Dialogue: Tony Ching Siu-Tung


Tony Ching Siu-Tung needs no introduction to Chinese action film buffs. The son of famous action film director Cheng Gang (a.k.a. Ching Gong), who worked for the Shaw Brothers throughout the '60s and '70s, Ching entered the Hong Kong film industry as an actor and action instructor in the '60s. He made his directorial debut with "Duel to the Death" (1982), pioneering a new style of wuxia (martial arts and swordplay) that is fast-paced yet ethereal. In 1987, he directed "A Chinese Ghost Story" (produced by Tsui Hark), which is considered one of the all-time classics of the high-wire fantasy-action genre, as well as an exemplary work of the golden age of Hong Kong cinema. As action choreographer for more than 60 films, he has been instrumental in shaping and innovating the way screen action is filmed. The Hollywood Reporter's Maggie Lee spoke with the filmmaker.

The Hollywood Reporter: Who initiated the project of "An Empress and the Warriors"?
Tony Ching Siu-Tung: When United Filmmakers Organization presented me with the screenplay, I thought it contained all the right elements for a hit, like war, action, romance, so I agreed to direct it.

THR: Did you have reservations about working with a company that hasn't released a film since 2005, whose portfolio concentrated on contemporary romance and urban comedies?
Ching: A decisive factor was my experience of collaborating with UFO producer Claudie Chung, dating back to "A Chinese Ghost Story" 20 years ago. "Empress" is essentially a love story with a period background, so it is still within UFO's area of expertise.

THR: How does your experience of directing this film differ from your previous projects?
Ching: I was granted a lot more freedom on the creative side. In addition, Yee Chung Man, who is creative and art director, gave a lot of input. He helped to align script development, costume design and even the acting with the overall art direction. In fact, it was he who initially suggested that I direct the film. I think he is the best art director around.

THR: In the last two years, the trend in Chinese action blockbusters seem to be for historic epics with graphic violence, like Feng Xiaogang's "Assembly" and "The Warlords," for which you directed the action. Why go against the grain to make an action film with romantic, fairy tale color?
Ching: By making the historical background less precise, I can take more liberties with sets, props and action sequences, like those scenes with the Zhuge Lantern and the movements designed around the tree house. I want to give the audience more room for imagination. As for the subject, I wanted to try a different style from my usual repertoire. I think it's refreshing for the audience to see a story that's touching and not cynical, especially the relationship between the general (Donnie Yen) and the princess (Kelly Chen), which is based on loyalty and self-sacrifice.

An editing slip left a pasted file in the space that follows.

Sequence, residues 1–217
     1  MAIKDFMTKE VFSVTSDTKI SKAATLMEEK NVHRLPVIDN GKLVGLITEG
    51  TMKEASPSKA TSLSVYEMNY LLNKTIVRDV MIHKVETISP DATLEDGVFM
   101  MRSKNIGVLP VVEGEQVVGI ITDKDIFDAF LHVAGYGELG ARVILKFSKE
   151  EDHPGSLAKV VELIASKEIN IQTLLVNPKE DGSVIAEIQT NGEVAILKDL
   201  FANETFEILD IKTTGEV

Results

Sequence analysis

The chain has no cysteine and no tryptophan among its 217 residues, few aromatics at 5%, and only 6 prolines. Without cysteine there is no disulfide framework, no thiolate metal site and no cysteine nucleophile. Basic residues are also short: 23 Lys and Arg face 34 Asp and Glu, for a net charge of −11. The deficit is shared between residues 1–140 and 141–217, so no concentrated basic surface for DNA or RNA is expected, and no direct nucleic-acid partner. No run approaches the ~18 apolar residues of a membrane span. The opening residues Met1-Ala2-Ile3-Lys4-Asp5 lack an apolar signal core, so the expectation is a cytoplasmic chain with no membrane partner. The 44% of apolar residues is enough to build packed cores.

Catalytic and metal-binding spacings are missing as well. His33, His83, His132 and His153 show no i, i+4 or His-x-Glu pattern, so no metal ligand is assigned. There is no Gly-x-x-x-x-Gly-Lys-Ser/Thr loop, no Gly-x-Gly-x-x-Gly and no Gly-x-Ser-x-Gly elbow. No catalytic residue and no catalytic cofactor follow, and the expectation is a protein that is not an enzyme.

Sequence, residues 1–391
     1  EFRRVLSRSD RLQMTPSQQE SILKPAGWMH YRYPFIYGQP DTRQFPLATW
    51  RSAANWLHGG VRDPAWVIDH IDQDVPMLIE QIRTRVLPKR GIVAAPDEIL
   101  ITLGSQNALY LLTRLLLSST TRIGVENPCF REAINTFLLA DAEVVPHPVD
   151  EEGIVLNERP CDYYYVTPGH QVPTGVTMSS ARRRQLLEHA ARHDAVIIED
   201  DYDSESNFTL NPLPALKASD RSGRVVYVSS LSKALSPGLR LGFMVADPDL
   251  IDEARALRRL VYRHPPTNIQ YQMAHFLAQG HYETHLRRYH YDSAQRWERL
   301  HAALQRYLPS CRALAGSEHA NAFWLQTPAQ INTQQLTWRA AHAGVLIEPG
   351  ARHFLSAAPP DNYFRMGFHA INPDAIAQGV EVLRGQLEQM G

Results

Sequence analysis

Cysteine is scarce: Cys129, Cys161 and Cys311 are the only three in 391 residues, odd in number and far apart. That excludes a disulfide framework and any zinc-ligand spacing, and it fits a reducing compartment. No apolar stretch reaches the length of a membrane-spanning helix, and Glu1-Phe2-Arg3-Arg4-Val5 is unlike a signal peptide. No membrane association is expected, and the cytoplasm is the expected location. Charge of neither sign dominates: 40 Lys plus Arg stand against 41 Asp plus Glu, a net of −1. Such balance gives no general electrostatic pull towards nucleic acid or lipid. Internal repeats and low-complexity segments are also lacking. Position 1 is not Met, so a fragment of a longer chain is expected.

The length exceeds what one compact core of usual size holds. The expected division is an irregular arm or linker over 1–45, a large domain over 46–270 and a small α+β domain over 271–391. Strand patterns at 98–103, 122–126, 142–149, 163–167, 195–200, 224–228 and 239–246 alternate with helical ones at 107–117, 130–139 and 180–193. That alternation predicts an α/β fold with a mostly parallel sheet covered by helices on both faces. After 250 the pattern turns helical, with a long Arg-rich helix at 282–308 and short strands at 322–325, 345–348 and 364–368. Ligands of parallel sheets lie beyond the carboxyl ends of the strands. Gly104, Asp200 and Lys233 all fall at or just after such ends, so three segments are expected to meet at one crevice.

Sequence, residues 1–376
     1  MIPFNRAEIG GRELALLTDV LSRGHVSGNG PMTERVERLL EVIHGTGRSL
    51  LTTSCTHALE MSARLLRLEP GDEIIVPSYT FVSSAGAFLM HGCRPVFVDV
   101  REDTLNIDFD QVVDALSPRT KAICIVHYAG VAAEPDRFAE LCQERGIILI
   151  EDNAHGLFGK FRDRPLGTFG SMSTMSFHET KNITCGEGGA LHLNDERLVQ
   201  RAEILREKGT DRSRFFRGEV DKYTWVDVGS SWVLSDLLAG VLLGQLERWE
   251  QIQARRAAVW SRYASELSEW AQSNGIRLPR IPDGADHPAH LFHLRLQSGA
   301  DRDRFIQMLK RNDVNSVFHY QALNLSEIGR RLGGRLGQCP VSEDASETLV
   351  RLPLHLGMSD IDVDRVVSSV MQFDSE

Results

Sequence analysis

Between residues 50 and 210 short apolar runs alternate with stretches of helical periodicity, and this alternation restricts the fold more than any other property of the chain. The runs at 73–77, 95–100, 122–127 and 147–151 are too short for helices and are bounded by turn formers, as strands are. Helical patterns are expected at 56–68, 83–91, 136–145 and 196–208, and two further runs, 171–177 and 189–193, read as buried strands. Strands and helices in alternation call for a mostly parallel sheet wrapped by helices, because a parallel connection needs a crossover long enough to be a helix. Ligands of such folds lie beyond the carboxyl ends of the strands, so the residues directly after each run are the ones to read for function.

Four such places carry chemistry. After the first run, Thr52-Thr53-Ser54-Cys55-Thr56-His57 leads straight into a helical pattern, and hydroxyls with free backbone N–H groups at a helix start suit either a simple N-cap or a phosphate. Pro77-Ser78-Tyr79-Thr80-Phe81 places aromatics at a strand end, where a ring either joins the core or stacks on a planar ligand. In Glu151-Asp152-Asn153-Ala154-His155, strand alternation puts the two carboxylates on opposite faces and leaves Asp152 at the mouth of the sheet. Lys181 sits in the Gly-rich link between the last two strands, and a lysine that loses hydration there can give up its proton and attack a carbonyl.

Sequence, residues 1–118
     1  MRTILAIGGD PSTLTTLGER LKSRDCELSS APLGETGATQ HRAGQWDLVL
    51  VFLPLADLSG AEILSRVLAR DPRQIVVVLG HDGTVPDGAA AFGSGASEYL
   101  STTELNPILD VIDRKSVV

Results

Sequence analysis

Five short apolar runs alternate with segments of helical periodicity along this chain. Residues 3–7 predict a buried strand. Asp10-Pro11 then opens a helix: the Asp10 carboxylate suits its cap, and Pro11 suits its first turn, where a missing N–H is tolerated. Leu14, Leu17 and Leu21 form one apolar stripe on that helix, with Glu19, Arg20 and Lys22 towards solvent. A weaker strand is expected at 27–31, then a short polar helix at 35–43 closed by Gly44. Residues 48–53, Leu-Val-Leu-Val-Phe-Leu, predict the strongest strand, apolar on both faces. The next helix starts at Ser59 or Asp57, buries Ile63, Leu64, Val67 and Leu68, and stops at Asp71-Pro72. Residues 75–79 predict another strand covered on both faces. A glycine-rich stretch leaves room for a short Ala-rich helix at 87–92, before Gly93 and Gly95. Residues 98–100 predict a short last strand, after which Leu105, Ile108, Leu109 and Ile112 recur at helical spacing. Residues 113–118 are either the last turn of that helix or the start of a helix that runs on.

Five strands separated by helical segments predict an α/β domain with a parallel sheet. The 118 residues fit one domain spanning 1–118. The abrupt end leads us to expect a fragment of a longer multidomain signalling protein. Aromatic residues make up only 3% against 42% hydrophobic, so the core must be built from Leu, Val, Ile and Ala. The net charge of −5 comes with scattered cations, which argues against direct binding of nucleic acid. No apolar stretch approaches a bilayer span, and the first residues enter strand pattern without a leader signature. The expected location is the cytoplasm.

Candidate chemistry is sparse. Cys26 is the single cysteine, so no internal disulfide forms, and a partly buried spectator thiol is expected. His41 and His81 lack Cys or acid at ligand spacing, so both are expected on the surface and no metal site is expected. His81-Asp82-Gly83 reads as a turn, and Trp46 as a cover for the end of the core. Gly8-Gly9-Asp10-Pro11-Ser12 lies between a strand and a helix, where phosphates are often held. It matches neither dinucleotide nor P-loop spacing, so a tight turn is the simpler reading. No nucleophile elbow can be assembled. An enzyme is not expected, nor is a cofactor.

THR: The most outstanding feature of the film is the armor that the characters wear. They look really heavy and may hamper physical mobility. Did that affect your action design concepts?
Ching: The armory was designed by Yee Chung Man. At first, we only visualized a setting without any historical background to limit creativity regarding sets and costumes. Then Yee came up with using the intricately wrought armor as the dominant visual aesthetic. The outfits were designed to utilize a variety of fabric and materials to accommodate specific body parts that would engage in a lot of movement.

THR: Do you feel that recently, Chinese big-budget period action films have been heavily influenced by Hollywood films like "Lord of the Rings," "Troy" or "Gladiator," especially in the increased use of CGI? Are you making adjustments to this trend as an action director or filmmaker?
Ching: Honestly speaking, China and Hong Kong are still in the development stage regarding special effects, so we should not become too dependent on computer technology. Instead, we should improve on what we're good at, which is live action and martial arts. That's what the rest of the world wants to see too.

THR: What do you think is the future direction of Chinese action films?
Ching: Many moviegoers have become sick of high-wire stunts where the actors fly around like in "Hero." Of course, it is still necessary to retain some of those shots, but I think we should feature more realistic, direct contact action. Both "The Warlords" and "Empress" have taken that approach.

VITAL STATS: Tony Ching Siu-Tung
Film in HK Filmart: "An Empress and the Warriors"
Date of birth: 1953
Filmography: "Dr. Wai in the Scripture With No Words" (1996), "Royal Tramp"** (1992), "Swordsman II"* (1991), "Swordsman"* (1990), "A Terracotta Warrior" (1990), "A Chinese Ghost Story" (1987), "Duel to the Death" (1982)
As action director/choreographer: "Kung Fu Dunk" (2008), "The Warlords" (2007), "Curse of the Golden Flower" (2006), "House of Flying Daggers" (2004), "Hero" (2002) "Shaolin Soccer" (2001), "The Heroic Trio" (1993)
Notable awards: Golden Horse Awards for "Shaolin Soccer"(2001), "Dragon Inn" (1992); HK Film Awards Best Action Choreography for "Hero" (2002), "Swordsman" (1990), "The Affair from Nepal" (1987); Fantasporto (Rome) won Best Film for "A Chinese Ghost Story I-III" (1987, 1990, 1991)
*Co-directed with Tsui Hark; **Co-directed with Wong Jing